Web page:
Word of the Day

Morse code

Definition

a system of sending messages using signals of sound or light that represent the letters of the alphabet

Origin and usage

Morse code was so named in honour of its inventor, American Samuel F. B. Morse (1791–1872). Morse invented his famous code around 1858 and it was called ‘Morse key’ at first. The term Morse code dates to 1867.



Examples

Morse code refers to the international communication language invented by Samuel Morse in the 1850s. It is a way to send text-based messages without using actual letters or words. Though Morse code is no longer used in any official capacity, it has deep historical significance.

The earliest Morse code transmissions sent messages via telegraph by making indentations on paper. Eventually, Morse code evolved to include radio signals – this is when the code became so important.

Throughout the early 1900s, Morse was used in the air and on the sea by both civilians and military personnel to communicate before it was possible to transmit voice messages over radio wires. During World War II, Morse code was used to encrypt and carry essential information, especially for naval ships and long-range patrol planes.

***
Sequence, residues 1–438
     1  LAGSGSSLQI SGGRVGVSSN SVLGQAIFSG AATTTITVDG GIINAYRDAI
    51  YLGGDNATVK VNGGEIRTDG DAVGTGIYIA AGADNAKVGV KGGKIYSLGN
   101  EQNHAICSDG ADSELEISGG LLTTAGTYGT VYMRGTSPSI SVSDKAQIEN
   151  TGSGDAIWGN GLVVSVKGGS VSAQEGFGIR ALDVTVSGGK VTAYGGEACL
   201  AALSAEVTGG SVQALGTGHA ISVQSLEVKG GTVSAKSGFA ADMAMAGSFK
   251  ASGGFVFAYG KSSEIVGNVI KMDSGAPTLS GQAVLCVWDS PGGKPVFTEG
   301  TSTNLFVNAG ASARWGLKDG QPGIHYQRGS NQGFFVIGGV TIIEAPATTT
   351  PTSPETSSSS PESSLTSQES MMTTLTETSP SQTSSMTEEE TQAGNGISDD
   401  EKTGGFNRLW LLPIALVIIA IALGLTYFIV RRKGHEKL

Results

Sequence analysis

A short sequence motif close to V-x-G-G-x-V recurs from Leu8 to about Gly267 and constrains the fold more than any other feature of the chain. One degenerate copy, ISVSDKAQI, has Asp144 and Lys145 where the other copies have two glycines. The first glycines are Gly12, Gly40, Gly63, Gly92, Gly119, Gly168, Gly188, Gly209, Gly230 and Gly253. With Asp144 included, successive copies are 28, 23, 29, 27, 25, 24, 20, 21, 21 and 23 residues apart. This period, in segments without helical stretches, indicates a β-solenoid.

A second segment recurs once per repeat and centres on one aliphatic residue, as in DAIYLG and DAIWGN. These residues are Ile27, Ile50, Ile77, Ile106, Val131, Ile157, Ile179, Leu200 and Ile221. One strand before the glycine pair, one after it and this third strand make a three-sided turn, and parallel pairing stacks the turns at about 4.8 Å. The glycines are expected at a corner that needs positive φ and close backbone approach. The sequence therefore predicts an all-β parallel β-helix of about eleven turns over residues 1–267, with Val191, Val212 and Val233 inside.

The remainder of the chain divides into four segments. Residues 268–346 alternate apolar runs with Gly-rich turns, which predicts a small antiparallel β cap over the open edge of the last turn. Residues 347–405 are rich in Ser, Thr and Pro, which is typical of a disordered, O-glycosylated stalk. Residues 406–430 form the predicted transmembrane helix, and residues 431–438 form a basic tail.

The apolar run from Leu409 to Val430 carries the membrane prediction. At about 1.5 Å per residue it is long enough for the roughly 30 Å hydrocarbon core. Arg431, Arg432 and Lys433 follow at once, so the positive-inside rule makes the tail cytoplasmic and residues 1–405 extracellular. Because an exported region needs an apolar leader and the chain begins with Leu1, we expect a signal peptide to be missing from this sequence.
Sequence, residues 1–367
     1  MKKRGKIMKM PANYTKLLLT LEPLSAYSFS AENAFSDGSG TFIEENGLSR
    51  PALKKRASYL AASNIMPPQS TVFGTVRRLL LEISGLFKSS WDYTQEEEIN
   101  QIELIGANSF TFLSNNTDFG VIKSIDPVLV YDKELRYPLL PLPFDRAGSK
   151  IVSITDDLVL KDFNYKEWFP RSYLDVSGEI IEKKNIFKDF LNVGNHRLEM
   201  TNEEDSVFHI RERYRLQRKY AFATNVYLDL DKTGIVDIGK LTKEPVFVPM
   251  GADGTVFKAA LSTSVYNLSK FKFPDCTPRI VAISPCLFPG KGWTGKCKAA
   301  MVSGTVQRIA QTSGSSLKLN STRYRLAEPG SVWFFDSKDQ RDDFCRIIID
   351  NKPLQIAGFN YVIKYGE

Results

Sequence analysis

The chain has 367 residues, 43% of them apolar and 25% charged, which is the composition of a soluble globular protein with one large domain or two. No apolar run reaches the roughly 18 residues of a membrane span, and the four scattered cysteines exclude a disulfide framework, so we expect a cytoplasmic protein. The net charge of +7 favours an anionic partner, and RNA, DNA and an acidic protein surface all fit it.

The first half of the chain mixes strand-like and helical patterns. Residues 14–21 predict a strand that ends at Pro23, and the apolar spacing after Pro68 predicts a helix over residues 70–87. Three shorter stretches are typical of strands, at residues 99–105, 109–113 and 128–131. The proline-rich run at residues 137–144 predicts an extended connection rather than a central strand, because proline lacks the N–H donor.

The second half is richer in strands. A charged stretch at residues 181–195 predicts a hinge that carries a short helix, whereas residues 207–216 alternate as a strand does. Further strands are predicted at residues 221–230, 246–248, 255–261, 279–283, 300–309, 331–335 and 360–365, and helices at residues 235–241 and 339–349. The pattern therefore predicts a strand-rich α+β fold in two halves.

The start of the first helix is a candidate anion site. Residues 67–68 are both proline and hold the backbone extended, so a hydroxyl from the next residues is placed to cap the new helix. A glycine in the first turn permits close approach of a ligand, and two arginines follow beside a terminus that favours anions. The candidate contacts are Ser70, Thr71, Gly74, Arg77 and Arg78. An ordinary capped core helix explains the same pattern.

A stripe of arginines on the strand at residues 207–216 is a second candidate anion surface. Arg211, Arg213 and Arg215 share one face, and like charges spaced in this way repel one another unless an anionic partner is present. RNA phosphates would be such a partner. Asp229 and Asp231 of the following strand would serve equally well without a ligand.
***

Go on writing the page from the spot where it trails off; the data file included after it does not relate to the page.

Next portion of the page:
Today, Morse code is used almost exclusively by amateur radio operators and casual hobbyists. Most military forces around the world have stopped communicating or monitoring messages in Morse code, as modern technology has replaced the Morse system and rendered it professionally redundant.

Quotations

“Morse conquered his electrical difficulties although he was only a painter, and I don’t intend to give in either ’til all is completed.”
(Alexander Graham Bell)

“If the presence of electricity can be made visible in any part of the circuit, I see no reason why intelligence may not be transmitted instantaneously by electricity.”
(Samuel F. B. Morse)

View the full definition in the Macmillan Dictionary.

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Macmillan Dictionary

Macmillan Dictionary

Macmillan Dictionary is an award-winning, one-stop reference for English learners and speakers around the world.

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